“We fought the problem for six hours, then the operator packed up and went home,” says Smith. “That left pipe bursting and the possibility of destroying the rest of the neighbor’s front lawn. I talked to her again and she gave us permission to continue.”

On the third day, the crew burst the laterals. Smith’s major concern was lodging the 6-inch O.D. bursting head in the vault or downstream fittings. To avoid problems in the vault, they cut out the section of lateral running through it, then enlarged the entry and exit holes with a hammer drill.

Workers dug a 6- by 6- by 5-foot entry pit 6 feet upstream from the vault and enlarged the sewer excavation to create a 6-foot-wide by 8-foot-deep pulling pit. Wishing to use the main as a sleeve for the 4-inch HDPE pipe, Smith set the C20 pipe bursting system (TRIC Tools) as low as possible, enabling the lateral to rest on the bottom of the pipe. The ram is rated for 8,000 psi or 19.24 tons of pull.

It took 60 minutes to send the rodder through the lateral and pull back the 3/4-inch swage cable attached to the bursting head, erect shoring and the resistance plate, and set the pulley and ram. Meanwhile, other workers fused two 40-foot sticks of HDPE pipe in the customer’s backyard, then snaked it through a gate to the entry pit.

“We painted a green mark on the HDPE pipe to indicate when the bursting head had passed through the wye,” says Smith. “Once the mark disappeared into the pit, we knew we’d be home free.”


The first pull was 80 feet from the entry pit to the pulling pit. Smith stationed himself at the stormwater vault to make sure the head passed through it uneventfully, then he controlled the ram and monitored the hydraulic pressure. Pressures for a normal pipe burst on this machine run 2,000 to 3,000 psi (5 to 7 tons of pulling force), and sometimes reach 3,500 psi (8.5 tons of pull). They will hit 6,000 psi (14 to 15 tons of pull) when going through a 45-degree elbow.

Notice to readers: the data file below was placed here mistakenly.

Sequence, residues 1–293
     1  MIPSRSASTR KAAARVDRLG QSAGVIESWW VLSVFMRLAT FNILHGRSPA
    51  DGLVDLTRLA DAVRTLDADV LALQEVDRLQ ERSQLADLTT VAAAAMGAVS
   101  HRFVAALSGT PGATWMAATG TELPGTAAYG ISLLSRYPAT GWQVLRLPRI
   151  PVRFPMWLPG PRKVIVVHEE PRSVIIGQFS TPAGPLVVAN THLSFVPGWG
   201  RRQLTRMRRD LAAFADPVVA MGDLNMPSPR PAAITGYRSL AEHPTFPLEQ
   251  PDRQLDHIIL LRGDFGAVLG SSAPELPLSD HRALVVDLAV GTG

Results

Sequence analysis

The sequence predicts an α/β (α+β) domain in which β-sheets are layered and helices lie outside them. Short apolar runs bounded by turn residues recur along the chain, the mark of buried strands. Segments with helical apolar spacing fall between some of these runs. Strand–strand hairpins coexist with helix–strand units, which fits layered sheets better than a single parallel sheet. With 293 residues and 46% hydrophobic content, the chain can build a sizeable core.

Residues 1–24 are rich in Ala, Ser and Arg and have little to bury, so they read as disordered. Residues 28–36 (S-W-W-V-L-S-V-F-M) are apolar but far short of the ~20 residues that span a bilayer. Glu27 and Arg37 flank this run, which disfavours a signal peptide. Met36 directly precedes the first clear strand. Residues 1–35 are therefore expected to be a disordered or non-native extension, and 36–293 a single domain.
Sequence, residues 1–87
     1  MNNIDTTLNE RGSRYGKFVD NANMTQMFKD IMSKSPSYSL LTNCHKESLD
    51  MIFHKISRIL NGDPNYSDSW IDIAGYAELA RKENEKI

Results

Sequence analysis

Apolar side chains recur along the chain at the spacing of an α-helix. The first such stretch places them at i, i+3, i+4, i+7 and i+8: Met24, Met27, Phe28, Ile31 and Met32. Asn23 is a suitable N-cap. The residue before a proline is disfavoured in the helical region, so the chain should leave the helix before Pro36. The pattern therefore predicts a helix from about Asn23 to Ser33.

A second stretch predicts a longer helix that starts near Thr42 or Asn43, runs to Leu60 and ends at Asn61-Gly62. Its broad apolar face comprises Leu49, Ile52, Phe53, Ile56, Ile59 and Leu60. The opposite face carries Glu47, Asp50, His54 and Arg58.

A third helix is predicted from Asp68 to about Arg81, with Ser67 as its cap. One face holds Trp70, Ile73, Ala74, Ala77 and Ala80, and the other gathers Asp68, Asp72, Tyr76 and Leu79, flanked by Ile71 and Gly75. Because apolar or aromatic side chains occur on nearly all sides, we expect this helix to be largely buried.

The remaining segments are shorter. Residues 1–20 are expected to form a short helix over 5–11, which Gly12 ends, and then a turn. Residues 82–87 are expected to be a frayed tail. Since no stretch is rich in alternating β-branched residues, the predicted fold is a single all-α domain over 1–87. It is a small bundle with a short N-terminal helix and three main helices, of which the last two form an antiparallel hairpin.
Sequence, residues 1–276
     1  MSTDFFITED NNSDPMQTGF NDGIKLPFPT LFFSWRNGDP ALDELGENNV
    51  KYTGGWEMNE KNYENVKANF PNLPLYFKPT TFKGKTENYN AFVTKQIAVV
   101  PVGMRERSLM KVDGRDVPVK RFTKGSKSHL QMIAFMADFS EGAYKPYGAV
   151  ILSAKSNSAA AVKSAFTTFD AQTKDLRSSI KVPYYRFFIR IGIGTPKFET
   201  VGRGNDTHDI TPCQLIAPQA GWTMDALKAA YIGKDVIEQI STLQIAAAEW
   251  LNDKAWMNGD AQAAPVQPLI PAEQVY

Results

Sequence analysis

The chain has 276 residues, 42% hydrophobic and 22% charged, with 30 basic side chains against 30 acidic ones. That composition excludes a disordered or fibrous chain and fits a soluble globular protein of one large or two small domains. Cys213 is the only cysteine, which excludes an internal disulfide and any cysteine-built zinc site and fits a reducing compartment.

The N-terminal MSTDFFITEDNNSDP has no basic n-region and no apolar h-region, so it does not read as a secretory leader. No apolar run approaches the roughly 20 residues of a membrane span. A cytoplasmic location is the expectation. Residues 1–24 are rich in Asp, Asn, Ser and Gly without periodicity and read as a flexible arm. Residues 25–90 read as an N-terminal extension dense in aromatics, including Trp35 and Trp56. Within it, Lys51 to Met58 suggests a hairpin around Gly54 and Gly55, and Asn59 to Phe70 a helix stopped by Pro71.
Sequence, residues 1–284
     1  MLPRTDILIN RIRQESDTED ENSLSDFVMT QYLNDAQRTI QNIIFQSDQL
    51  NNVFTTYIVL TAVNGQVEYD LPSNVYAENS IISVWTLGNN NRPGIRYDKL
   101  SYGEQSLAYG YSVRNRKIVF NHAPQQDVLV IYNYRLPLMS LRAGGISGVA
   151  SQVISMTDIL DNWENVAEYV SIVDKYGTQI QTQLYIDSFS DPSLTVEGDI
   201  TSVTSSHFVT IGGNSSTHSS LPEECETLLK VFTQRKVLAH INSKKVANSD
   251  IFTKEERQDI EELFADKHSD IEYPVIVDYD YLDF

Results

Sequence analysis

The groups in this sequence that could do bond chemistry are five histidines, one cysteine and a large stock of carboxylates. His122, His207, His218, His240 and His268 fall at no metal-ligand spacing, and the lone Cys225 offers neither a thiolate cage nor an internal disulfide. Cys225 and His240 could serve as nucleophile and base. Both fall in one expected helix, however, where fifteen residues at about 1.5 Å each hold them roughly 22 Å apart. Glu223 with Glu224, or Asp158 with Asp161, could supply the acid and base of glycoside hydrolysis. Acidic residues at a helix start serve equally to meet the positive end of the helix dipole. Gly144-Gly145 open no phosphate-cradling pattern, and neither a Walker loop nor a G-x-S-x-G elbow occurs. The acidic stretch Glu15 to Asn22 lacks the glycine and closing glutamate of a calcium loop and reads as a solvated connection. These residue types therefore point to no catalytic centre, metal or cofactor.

As soon as the head entered the vault’s downstream side, the pressure jumped to 6,500 psi, then hovered between 6,800 to 7,200 psi (17 tons of pull) for 30 minutes. Twice, the needle hit 7,800 psi (19 tons of pull). “I was a nervous wreck,” says Smith. “We’d never pushed the machine that hard before and had no idea how the equipment would react.” Once the head entered the sewer, the pressure returned to 3,500 psi.

When workers extracted the head, they found a 4-inch cast iron check valve wrapped around it. “We were amazed,” says Smith. “The ram had pulled that valve 20 feet through the lateral, then through the two fittings and 60 feet to the exit pit.”

While two laborers moved the ram to a hand-dug 4- by 4- by 2.5-foot pit in the customer’s backyard, another person butt-fused a 20-foot stick of HDPE pipe to connect the new lateral to the manhole, then sealed the
sewer opening.


The second pull, 130 feet from the entry pit to the backyard, replaced the house lateral. It was uneventful. The crew backfilled on the fourth day and spent a few hours laying sod on the fifth. When Smith returned a few days later to check on the sod, the customer’s wife ran out to meet him.

“On a service call, I’d noticed water and soap suds around the floor drain in the laundry room,” says Smith. “The owner assured me the drain had always worked that way. His wife was as excited as she could be because the wash water was no longer bubbling out.”